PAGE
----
This conference, launched in 2003 as the Community Service and Service-Learning Directors Conference, is designed for faculty and staff who facilitate campus-community engagement efforts. In 2008, the event became the Community Engagement Administrators Conference (CEAC). This gathering offers deep reflection about community and civic engagement work through presentations and workshops, facilitated discussions and networking. CEAC usually occurs in late spring/early summer.
June 7, 2016 at Elon University
The 2016 CEA Conference brought together more than 85 administrators and faculty from 31 campuses and organizations in North Carolina, South Carolina, Virginia, and beyond. Our plenary session - "Engaging with Equity: Recognizing Implicit Bias in Community Engagement" - featured Reverend Jason Williams, a community pastor and organizer who works with Race Matters for Juvenile Justice (RMJJ) in Charlotte and with Charlotte's interfaith network, MeckMin (www.meckmin.org). Drawing on 8 years of experience living and organizing in West Charlotte, research on perception and cognition, and critiques of charitable systems that perserve power inequities, Reverend Williams challenged our group to think about issues of poverty, race, and bias inherent in community engagement work.
Participants choose among 18 break-out workshops in three blocks.
View the Workshop Descriptions and Presenter List (pdf)
Selected workshop slidedecks were generously shared by several presenters (all links are .pdf files):
BUILDing inclusive community. pre-orientation
BRANCHES and CKWFU. student development leadership for social change
Enhancing campus civic engagement efforts (Google slides)
Serving in place. local alternative breaks
2015 CEAC Highlights
On Thursday, May 28, forty community engagement professionals, representing 24 institutions in 5 states, assembled at Bennett College for Women in Greensboro, North Carolina. The day was facilitated by Dr. Patti Clayton, Dr. Sarah Stanlick, and Leslie Garvin. The agenda was framed around "Past: Present: Future." Individual reflection was imbedded throughout the day. The goal was to reflect critically on our practice in the context of some of the central questions that have, do, and will shape community engagement.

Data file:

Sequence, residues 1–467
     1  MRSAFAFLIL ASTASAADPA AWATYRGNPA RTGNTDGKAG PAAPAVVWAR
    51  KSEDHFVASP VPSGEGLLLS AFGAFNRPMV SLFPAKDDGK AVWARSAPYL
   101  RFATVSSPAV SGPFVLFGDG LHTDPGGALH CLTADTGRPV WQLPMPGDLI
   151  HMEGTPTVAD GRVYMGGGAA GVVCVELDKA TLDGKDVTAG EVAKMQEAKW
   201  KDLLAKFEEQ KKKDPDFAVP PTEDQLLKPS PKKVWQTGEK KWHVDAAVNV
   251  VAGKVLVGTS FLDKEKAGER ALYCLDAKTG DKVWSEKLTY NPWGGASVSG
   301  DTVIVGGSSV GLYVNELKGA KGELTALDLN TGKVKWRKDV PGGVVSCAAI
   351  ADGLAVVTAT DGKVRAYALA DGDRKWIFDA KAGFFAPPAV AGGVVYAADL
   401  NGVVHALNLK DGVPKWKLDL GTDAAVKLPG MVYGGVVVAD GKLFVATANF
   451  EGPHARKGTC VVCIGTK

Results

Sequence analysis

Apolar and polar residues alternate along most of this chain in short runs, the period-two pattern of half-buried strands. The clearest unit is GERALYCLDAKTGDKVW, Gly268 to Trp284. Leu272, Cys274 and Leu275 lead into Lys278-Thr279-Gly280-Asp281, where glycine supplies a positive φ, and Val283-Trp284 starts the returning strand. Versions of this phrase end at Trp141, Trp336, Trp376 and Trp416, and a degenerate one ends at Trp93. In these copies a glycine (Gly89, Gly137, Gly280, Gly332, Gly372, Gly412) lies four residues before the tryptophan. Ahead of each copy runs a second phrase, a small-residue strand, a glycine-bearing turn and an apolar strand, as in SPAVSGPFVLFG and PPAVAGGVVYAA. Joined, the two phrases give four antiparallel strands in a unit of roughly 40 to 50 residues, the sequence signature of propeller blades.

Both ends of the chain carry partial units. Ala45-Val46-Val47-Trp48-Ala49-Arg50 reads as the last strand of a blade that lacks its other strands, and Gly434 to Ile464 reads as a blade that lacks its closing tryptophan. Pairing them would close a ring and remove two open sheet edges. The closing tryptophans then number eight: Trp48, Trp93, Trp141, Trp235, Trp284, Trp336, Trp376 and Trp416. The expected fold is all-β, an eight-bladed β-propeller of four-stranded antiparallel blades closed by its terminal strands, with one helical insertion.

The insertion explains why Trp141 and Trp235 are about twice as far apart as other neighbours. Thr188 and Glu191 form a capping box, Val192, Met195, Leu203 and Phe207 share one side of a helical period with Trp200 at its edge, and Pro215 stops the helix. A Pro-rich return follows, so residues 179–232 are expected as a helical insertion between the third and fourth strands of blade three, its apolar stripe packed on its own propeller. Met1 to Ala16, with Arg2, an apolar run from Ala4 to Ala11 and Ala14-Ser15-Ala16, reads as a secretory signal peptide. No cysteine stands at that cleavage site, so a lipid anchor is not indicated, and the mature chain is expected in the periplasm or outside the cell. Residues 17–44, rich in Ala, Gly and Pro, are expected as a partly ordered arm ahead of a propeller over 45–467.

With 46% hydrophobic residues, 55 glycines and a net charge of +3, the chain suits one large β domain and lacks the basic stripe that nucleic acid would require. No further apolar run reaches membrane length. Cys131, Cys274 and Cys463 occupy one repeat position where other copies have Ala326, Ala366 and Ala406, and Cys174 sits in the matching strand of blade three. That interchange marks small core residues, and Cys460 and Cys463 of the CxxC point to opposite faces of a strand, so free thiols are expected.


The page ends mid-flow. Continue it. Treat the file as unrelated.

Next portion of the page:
Online Learning Community
The May 28 conference complemented an online learning community launched on May 18. Throughout the 10 day period, participants were assigned common readings related to working with students, faculty, and community partners. The facilitators posted prompts/questions to promote dialogue and shared inquiry. During the conference participants decided to continue to utilize the Edmodo site as a learning community.
Exploring the Past: Looking Back to Move Forward
The morning began with Patti and Sarah providing an overview of the history of community engagement in higher education.
Living in the Present through Practice Analysis and Self-Reflection
Next Leslie used the framework outlined in Diving Deep in Community Engagement: A Model for Professional Development (McReynolds, M. & Shields, E, 2015, Iowa Campus Compact) which outines four primary roles that community and civic engagement administrators play: 1) Institutional strategic leader; 2) Organizational manager; 3) Community Innovator; and 4) Field Contributor. In small groups, participants explored each of the four roles and discussed the competencies and skills required by each.
During the second half of the "Present" component of the day participants selected two of three stakeholder areas: 1) Faculty, 2) Student, 3) Community Partner to explore more deeply drawing on the pre-readings and online discussion posts. Participants explored what was most relevant to their practice and explored concrete implications for their work
Forward Thinking: Looking to the Future
20 years ago Ed Zlotkowski called for the growth of service-learning as academic work. Patti and Sarah shared information related to a recently launched national project that will explore whether this call from Zlotkowski has been answered. They also gathered feedback related to participant thoughts on future directions/priorities in the field.
CEAC was on hiatus in 2011 and 2014.